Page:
Out West


Left: Andy Warhol, Lonesome Cowboys, 1967–68, color film, 109 minutes. Production still. Photo: Paul Morrissey. Right: Andy Warhol, Harlot, 1964, still from a black-and-white film, 66 minutes.

“VACANT, VACUOUS HOLLYWOOD was everything I ever wanted to mold my life into. Plastic. White-on-white,” Andy Warhol writes of Tinseltown in POPism (1980). Obsessed with Shirley Temple as a child, Warhol continued his fascination with luminaries of the silver screen (the more tarnished their legends, the better) in his films, in the process creating his own stable of movie stars at the Factory—a reimagining of Hollywood archetypes on view in MoMA’s eleven-film series “The West: Myth, Character, and Reinvention by Andy Warhol.”

In September 1963, Warhol, with his silent 16-mm Bolex in tow, took a road trip from New York to Los Angeles to see his “Elvis” canvases at the Ferus Gallery. While in LA, he made Tarzan and Jane Regained . . . Sort Of (1964), starring Taylor Mead, who had already established his underground-cinema star status in Ron Rice’s The Flower Thief (1960), as an especially nelly King of the Jungle. As Wayne Koestenbaum notes in his indispensable biography of Warhol, part of the artist’s project was a “concerted homage to offbeat, diffident manhood, a tribute that climaxed in the films he made with Taylor as star.” In Tarzan, Mead halfheartedly beats his chest, more focused on how much lower his loincloth will droop; Warhol himself appears later in the film, smacking Mead’s bare bottom.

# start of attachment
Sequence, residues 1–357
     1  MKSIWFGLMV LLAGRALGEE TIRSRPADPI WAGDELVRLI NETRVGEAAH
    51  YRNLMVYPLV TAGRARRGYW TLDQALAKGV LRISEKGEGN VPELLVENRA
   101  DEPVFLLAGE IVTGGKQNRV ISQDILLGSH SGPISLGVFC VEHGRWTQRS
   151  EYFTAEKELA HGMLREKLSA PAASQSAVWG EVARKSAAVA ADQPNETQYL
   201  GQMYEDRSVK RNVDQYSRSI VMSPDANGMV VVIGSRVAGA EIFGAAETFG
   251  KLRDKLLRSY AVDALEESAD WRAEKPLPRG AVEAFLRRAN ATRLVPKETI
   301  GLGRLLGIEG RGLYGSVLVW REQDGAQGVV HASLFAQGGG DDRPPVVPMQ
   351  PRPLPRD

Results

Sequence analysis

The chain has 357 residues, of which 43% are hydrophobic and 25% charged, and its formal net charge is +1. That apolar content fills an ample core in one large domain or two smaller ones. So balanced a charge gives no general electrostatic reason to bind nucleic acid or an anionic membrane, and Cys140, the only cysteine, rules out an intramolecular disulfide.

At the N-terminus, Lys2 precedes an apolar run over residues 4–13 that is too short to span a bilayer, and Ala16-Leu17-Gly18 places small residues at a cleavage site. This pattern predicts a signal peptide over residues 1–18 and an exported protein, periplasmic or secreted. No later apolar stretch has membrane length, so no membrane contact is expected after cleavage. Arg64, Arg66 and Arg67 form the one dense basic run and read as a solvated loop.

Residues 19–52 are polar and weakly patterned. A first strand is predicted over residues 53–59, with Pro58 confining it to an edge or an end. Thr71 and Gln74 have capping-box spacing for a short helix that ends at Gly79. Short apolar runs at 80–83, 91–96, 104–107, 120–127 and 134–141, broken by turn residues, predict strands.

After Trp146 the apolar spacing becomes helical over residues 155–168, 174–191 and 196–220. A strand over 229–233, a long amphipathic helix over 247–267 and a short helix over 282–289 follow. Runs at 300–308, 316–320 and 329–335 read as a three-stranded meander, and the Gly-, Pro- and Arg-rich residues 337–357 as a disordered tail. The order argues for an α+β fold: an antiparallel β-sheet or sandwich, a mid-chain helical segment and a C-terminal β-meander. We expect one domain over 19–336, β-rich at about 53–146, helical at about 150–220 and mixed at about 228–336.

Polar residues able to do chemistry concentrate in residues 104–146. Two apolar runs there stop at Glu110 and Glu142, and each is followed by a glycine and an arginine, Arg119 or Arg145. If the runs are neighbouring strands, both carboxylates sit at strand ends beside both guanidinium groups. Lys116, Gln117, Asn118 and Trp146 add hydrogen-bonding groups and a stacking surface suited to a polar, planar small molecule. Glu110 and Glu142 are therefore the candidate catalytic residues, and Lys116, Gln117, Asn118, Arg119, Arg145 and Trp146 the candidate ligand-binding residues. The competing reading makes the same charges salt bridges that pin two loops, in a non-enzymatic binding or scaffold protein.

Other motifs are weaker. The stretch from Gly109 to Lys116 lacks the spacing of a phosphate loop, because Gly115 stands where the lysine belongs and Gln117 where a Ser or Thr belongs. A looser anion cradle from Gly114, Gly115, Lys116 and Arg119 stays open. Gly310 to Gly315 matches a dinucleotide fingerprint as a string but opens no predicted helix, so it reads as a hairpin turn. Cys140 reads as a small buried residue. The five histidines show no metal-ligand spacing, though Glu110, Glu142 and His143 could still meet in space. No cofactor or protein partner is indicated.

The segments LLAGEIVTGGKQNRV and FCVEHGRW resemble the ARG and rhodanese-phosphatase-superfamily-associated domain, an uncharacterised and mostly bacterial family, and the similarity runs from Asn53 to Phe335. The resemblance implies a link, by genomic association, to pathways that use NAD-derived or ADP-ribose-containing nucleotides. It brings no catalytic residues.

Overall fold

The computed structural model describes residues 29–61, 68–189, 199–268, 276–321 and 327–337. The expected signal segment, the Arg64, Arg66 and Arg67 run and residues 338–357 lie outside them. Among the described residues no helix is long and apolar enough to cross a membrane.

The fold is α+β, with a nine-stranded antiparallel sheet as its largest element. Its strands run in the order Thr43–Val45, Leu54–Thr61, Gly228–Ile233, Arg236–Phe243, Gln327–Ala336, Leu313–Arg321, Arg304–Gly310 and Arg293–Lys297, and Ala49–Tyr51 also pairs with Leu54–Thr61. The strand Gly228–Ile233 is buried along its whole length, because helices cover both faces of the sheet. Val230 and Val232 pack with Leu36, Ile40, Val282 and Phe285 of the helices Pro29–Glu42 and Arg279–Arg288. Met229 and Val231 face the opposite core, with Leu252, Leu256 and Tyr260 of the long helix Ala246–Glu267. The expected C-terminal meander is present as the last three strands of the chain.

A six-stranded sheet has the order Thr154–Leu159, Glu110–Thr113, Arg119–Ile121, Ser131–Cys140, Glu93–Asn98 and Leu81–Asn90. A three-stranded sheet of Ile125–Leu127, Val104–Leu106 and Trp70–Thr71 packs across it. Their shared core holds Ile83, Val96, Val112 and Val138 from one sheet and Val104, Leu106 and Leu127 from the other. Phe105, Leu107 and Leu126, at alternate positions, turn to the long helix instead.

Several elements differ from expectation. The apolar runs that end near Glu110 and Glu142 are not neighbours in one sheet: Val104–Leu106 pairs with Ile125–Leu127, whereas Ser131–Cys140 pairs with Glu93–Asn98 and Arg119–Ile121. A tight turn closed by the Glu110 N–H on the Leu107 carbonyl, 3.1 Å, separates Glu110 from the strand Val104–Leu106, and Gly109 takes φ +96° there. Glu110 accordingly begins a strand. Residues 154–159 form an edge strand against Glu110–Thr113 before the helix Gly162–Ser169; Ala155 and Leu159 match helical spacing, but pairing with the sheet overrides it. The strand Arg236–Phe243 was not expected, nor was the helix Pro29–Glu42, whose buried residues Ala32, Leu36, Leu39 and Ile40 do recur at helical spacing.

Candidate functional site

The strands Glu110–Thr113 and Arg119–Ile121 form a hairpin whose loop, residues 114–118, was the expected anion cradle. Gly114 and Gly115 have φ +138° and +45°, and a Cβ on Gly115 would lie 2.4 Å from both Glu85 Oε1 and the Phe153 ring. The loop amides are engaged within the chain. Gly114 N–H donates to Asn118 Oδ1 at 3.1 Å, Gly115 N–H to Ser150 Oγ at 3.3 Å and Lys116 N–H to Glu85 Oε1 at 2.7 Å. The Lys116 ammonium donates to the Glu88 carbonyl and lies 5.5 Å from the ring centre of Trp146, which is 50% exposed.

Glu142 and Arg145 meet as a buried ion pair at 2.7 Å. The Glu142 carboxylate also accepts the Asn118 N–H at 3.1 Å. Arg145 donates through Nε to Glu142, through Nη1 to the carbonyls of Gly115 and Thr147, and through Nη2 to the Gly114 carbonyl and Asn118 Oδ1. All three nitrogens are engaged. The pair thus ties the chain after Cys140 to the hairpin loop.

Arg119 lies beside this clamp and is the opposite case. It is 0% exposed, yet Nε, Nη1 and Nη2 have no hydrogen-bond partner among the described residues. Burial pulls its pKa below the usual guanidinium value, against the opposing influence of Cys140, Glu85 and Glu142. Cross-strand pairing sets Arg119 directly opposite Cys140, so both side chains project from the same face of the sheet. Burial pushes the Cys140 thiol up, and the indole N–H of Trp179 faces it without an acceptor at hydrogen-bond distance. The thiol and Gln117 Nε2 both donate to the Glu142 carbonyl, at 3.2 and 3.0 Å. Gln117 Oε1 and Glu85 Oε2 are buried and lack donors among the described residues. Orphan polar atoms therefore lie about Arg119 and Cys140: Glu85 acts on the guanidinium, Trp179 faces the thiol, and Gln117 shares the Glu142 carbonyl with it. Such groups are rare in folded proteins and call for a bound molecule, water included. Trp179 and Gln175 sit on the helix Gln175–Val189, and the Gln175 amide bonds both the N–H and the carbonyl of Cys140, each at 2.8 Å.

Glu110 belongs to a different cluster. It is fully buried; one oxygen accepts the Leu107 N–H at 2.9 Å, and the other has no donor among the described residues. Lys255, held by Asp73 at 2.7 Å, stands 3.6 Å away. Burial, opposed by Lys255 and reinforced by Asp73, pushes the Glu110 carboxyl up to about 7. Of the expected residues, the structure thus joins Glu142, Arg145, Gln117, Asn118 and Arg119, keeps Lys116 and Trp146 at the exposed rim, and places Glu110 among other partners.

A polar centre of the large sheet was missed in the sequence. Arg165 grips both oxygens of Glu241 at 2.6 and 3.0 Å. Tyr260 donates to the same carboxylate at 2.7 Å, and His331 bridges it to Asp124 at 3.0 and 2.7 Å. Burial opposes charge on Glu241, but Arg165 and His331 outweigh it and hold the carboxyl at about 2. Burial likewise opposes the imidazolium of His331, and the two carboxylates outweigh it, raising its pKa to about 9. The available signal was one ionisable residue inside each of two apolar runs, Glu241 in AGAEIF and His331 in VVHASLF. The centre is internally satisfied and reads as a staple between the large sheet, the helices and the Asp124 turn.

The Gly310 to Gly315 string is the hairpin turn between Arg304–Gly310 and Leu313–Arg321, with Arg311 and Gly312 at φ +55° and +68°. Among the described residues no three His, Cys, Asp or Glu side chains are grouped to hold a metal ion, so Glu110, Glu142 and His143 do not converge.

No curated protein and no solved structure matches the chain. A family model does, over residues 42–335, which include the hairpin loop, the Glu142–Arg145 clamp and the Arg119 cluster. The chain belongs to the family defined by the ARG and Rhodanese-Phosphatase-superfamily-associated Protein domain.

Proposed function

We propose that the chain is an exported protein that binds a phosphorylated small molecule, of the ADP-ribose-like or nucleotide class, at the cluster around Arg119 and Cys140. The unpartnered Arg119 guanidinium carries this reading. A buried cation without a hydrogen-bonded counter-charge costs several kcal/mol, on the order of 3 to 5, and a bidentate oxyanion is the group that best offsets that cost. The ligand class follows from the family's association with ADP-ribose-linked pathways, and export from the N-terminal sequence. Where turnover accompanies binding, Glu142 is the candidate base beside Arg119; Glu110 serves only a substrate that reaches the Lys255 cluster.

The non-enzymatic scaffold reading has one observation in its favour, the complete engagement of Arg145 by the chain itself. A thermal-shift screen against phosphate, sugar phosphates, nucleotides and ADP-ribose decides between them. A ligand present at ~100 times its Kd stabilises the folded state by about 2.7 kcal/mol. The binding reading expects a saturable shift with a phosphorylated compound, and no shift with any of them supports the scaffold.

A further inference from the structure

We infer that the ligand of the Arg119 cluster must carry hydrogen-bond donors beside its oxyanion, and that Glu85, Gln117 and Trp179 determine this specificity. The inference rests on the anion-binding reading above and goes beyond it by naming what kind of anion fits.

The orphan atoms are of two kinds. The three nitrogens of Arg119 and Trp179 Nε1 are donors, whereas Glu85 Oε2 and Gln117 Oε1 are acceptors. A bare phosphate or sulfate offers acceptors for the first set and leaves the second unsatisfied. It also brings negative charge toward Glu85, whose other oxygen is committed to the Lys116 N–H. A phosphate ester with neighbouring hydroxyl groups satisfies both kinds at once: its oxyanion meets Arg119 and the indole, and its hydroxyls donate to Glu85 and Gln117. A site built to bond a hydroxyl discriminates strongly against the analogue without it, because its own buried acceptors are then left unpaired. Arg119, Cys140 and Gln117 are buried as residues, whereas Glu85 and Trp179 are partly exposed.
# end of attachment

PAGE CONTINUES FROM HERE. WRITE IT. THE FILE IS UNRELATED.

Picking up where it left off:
When Warhol began making sync-sound films in 1964, he frequently let charismatic chatterboxes structure his movies: “I only wanted to find great people and let them be themselves and talk about what they usually talked about and I’d film them for a certain length of time and that would be the movie,” he notes in POPism. His first drag-queen superstar, Mario Montez, a performer in Jack Smith’s films who was a post-office worker when not on-screen, plays the lead in three of Warhol’s greatest movies about actresses undone by scandal or early death: Jean Harlow in Warhol’s first sync-sound feature, Harlot (1964), Lana Turner in More Milk Yvette (1966), and Hedy Lamarr in Hedy (1966). Muscular, thick-jawed Montez has no interest in starlet mimicking (unlike future superstar Candy Darling); with a few incongruous props—a banana, a hamburger—he transforms screen-goddess worship into a fantastic, perverse, and inimitable ritual.

“The West: Myth, Character, and Reinvention by Andy Warhol” runs May 6 to June 26 at the Museum of Modern Art, New York. For more details, click here.

Melissa Anderson